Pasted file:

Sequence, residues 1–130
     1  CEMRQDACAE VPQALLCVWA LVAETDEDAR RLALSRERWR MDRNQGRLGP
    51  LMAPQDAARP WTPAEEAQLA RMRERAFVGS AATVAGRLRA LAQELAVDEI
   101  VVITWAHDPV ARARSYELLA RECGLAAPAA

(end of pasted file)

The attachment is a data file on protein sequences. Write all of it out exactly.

Sequence, residues 1–130
     1  CEMRQDACAE VPQALLCVWA LVAETDEDAR RLALSRERWR MDRNQGRLGP
    51  LMAPQDAARP WTPAEEAQLA RMRERAFVGS AATVAGRLRA LAQELAVDEI
   101  VVITWAHDPV ARARSYELLA RECGLAAPAA